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Friday, June 21, 2024

A Designer’s Richly Layered Rental Property!

The power of decoration is on full display in the gorgeous rented Melbourne home of Sarah Shinners, design manager at Simone Haag (you might recognise her from our Dream Job column!), and prosthetist Patrick Shinners. 

When the couple moved into the Clifton Hill property in 2013, the interiors were covered in the one shade of beige. Fortunately, thanks to their flexible landlord, Sarah and Patrick were able to cosmetically transform the property, introducing new paint colours and curtains along the way.

Their home today is a warm, welcoming and layered space, dotted with art and objects created and collected over many years. Just goes to show – you don’t need to own your home, to make it your own!

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Dark Chocolate and Hazelnut Cake – The Design Files | Australia's most popular design blog.

Well, a month of Chocolate-themed recipes just wouldn’t be complete without a classic chocolate cake, would it? Today our resident chocolate maker, Jade Bentley of Monsieur Truffe shares with us her rich, fudgy and not-too-sweet chocolate cake.  This one is EPIC.  I would know, I tasted it… and the rest of it ended up in my ‘fridge for a week after this shoot.  Let’s just say… that was a great week!  – Lucy

A Refined Country Home That Celebrates The Seasons

creative-peoplearchitectureA Refined Country Home That Celebrates The Seasons

The attention to detail of Edition Office is on full display in Kyneton House, which demonstrates the possibilities of a simple floor plan, and restrained material palette.

Working with a strict budget, the architects designed a relatively modest brick house for the downsizing owners. The clients hoped the home would capture passing time, and the qualities of changing seasons including light, colour, and texture. 

A clear geometry was adopted for the floor plan, allowing continuous links to the garden, including the ability to read the full length and width of the site from within. 

Throughout the home are a series of repeated and rotated brick wall gestures. Always returning inwards, this repeating motif informs the ‘thickness’ of the home’s exterior. 

In contrast, crisp white ceilings including a skylight shaft pick up fluctuating levels of natural light, providing the home with a sense of softness. 

Materials intended to naturally weather such as recycled and texturally finished brick walls, pale concrete floors, and galvanised steel roofing further reflect the changing effects of weather and time. 

Also important is the home’s position set back from the street, allowing the large garden (including trees relocated from the owners’ previous property) to be the interface between the house and the street.

‘Crucially, this siting gesture allowed us to avoid the inclusion of a front fence, and allow the landscape to be encountered as a part of the public domain,’ says Edition Office director, Kim Bridgland.

Given the home’s modest footprint, orientation and thermal mass, no mechanical cooling is required. An air-exchange heat pump warms the floor slab when required in the cooler months.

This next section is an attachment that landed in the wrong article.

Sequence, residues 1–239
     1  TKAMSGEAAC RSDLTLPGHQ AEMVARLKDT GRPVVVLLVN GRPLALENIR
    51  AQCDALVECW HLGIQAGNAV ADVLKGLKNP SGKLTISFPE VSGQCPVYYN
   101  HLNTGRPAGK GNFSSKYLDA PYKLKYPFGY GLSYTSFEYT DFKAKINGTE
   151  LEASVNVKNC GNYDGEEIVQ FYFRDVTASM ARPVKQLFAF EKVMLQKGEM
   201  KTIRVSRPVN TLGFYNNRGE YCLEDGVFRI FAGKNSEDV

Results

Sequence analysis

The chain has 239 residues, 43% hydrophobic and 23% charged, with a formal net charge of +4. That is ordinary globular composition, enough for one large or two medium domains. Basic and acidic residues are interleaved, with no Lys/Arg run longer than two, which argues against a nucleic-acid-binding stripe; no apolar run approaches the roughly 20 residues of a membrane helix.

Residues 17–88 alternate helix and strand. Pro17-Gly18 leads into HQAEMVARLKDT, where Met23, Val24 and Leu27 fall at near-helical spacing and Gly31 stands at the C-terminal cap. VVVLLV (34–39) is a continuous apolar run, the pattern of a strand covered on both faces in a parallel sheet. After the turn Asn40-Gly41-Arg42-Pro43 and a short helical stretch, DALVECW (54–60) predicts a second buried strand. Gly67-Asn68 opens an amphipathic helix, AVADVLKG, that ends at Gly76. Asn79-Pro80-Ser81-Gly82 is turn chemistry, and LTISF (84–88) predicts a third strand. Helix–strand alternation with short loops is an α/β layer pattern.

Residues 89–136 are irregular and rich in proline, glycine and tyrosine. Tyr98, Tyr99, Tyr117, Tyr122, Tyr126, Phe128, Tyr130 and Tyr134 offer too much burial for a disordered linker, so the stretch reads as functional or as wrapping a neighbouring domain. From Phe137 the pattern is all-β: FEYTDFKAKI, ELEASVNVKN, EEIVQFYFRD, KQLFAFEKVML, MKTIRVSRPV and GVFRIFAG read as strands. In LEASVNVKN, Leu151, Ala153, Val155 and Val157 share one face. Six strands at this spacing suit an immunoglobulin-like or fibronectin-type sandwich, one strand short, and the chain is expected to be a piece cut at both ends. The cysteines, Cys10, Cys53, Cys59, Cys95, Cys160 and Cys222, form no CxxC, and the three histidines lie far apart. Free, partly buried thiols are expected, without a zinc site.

What Kim loves most about the project is its sensibility, particularly the sense of calm and balance one feels when passing the outer threshold and entering the home. He says, ‘Time appears to stand still, while the subtle changes in light and mood in the surrounding gardens appear to play out in every direction as they wrap and embrace the home.’

Kyneton House by Edition Office. Artwork ‘Shake Down’ by Matt Arbuckle, care of Daine Singer Gallery. Photo – Ben Hosking


The house’s position set well back from the street allows the large garden (including trees relocated from the owners’ previous property) to be the interface between the house and the street. Artwork ‘The Kingdom’ by Grant Nimmo, care of Daine Singer Gallery. Photo – Ben Hosking


Working with a strict budget, the architects designed a relatively modest brick house for the downsizing owners. Artwork ‘The Kingdom’ by Grant Nimmo, care of Daine Singer Gallery. Photo – Ben Hosking


Materials intended to naturally weather such as recycled and texturally finished brick walls, pale concrete floors, and galvanised steel roofing further reflect the changing effects of weather and time. Photo – Ben Hosking


The clients hoped the home would capture passing time and the qualities of changing seasons including light, colour, and texture. Artwork ‘The Kingdom’ by Grant Nimmo, care of Daine Singer Gallery. Photo – Ben Hosking


Artwork ‘She will be revealed tonight’ by Kirsty Budge, care of Daine Singer Gallery. Photo – Ben Hosking


Artwork ‘She will be revealed tonight’ by Kirsty Budge, care of Daine Singer Gallery. Photo – Ben Hosking


A clear geometry was adopted for the floor plan allowing continuous links to the garden, including the ability to read the full length and width of the site from within. Artwork ‘She will be revealed tonight’ by Kirsty Budge, care of Daine Singer Gallery. Photo – Ben Hosking


Given the house’s modest footprint, orientation and thermal mass, no mechanical cooling is required. Photo – Ben Hosking


An air-exchange heat pump warms the floor slab when required in the cooler months. Photo – Ben Hosking


Artwork ‘Votive’ by Adam Lee, care of Station Gallery. Photo – Ben Hosking


Throughout the home are a series of repeated and rotated brick wall gestures. Always returning inwards, this repeating motif informs the ‘thickness’ of the home’s exterior. Photo – Ben Hosking


What the architects love most about the project is its sensibility, particularly the sense of calm and balance one feels when passing the outer threshold and entering the home. Photo – Ben Hosking

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